Howdy! This page is part of a guide to comic books recommended for younger readers (along with some stuff their parents might like as well. This page covers the letter "J", other books are linked to below.

So, come celebrate that groovy, geeky, magical medium that we all grew up on... and share that special sense of wonder with someone smaller and newer than you. By the way, this is a work in progress, and your recommendations are always welcome... )

Comics For Kids: A | B | C | D | E | F | G | H | I | J | K | L | M | N | O | P | Q | R | S | T | U | V | W | X, Y, Z
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"Jellaby, v.1"
Written and illustrated by Kean Soo
(Hyperion, 2008)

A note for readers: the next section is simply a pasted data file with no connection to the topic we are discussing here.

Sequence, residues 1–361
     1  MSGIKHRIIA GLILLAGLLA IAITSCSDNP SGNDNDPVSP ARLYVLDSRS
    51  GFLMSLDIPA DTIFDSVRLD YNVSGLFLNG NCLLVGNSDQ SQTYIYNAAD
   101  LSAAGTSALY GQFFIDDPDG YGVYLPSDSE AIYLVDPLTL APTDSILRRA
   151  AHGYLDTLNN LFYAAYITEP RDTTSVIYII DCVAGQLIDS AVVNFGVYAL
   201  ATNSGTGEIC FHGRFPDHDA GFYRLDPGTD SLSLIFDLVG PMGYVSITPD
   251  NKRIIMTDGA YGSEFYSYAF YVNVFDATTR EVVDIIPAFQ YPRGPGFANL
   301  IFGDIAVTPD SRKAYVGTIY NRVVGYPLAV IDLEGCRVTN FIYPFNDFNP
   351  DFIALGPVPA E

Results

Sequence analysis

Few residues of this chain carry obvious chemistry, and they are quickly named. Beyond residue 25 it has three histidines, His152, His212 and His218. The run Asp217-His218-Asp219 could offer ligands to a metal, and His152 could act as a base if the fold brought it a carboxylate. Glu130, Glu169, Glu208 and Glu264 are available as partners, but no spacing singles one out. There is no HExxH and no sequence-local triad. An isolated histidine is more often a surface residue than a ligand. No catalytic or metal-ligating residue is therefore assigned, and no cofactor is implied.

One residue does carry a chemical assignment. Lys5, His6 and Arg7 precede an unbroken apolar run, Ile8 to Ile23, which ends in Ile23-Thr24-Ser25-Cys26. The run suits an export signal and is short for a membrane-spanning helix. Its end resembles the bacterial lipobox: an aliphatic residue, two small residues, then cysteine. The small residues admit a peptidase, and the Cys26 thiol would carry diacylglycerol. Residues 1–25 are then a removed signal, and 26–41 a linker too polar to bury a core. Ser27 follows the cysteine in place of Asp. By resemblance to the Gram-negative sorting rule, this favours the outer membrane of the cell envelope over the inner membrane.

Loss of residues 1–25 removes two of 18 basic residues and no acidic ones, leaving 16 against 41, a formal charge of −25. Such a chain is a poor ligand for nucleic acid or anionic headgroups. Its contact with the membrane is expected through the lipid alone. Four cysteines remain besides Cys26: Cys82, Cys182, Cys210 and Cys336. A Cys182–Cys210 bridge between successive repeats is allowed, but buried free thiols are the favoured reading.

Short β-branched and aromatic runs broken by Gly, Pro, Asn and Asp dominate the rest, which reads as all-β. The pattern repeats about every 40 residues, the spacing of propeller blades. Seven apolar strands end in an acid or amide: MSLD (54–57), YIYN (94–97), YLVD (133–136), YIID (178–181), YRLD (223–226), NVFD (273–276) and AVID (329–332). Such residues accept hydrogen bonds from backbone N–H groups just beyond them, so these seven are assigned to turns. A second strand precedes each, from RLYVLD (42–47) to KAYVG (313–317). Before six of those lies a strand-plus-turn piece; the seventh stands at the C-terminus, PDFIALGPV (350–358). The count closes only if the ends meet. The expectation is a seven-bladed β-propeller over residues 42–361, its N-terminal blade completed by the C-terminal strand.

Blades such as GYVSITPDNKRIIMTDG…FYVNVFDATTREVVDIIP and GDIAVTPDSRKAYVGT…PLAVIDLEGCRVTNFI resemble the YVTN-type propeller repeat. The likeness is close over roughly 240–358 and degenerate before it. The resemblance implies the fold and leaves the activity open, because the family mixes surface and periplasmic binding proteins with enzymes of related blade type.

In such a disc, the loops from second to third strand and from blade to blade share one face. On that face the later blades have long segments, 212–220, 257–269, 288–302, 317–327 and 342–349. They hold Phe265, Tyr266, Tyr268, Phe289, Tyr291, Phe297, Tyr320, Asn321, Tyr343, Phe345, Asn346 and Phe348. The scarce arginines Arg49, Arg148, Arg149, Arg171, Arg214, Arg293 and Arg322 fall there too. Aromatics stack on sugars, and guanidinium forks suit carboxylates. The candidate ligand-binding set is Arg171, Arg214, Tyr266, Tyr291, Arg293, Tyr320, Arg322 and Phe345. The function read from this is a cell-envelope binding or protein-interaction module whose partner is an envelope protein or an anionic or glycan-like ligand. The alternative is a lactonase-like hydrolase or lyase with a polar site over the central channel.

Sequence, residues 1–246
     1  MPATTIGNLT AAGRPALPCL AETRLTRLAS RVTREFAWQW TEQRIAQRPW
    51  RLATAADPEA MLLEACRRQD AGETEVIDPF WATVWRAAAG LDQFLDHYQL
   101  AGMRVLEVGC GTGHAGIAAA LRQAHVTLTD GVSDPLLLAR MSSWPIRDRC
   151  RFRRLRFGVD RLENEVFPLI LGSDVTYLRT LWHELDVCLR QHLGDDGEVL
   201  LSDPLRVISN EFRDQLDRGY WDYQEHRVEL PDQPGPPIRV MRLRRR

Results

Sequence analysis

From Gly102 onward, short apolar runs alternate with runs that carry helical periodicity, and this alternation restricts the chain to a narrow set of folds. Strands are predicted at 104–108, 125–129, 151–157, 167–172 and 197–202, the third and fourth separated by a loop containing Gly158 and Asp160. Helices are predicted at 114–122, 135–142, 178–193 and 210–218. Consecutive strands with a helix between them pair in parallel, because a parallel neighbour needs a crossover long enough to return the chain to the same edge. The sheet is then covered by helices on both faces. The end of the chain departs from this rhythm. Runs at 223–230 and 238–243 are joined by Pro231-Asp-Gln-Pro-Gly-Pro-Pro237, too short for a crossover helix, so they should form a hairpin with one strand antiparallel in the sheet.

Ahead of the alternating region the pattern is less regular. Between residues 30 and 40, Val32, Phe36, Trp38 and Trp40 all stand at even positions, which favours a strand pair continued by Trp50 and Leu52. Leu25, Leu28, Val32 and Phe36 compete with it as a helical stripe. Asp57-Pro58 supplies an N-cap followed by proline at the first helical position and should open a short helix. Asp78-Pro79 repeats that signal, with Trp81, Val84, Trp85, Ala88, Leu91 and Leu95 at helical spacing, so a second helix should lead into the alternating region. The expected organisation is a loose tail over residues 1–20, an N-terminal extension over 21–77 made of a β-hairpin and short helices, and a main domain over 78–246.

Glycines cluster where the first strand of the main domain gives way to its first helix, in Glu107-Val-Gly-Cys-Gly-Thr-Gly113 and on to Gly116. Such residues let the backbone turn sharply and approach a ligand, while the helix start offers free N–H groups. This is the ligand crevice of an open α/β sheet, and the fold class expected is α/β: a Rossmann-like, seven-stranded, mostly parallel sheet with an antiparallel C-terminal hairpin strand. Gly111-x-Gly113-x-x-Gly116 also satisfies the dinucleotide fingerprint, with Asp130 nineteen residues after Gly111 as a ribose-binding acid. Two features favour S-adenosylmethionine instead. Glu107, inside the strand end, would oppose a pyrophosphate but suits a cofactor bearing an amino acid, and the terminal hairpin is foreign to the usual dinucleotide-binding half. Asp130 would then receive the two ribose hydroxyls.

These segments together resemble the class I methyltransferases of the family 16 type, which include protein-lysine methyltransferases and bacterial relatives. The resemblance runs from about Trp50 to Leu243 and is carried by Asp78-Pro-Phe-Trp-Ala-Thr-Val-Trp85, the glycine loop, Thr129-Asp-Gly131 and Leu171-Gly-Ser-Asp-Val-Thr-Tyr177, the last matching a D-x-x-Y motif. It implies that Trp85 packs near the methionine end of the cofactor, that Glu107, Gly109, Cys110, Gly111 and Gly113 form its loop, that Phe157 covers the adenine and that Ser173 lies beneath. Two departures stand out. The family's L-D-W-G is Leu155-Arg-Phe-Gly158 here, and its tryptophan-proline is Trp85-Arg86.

A compelling, highly readable series which is easy to zip through and accessible to younger readers, although there are a few mildly troubling notes... The story is about a bright young girl named Portia who meets a large, purple, dragon-like creature which she names Jellaby. One of her classmates, a moody latchkey kid named Jason, finds out about Jellaby, and enlists himself in a mission to help the orphaned monster find his way back home. There are a few pages with disturbing, creepy imagery -- a mysterious cloaked figure, a maniacal adult who menaces Portia when she is quite little -- and an unsettling subplot regarding Portia's missing father. Also, the kids routinely lie to their parents, in kid-like ways that are entirely believable, although parents of smaller children might want to weigh whether they want to put ideas into their kids' heads just to read a cute dragon story. Setting aside my usual overprotectavoid warnings, though, this is a very good read with interesting, manga-ish artwork. Volume One is mainly a set-up for Volume Two: now that we know the characters, what will happen to them on their quest to the Big City, in search of the secret of Jellaby's past? One more volume to go! (B)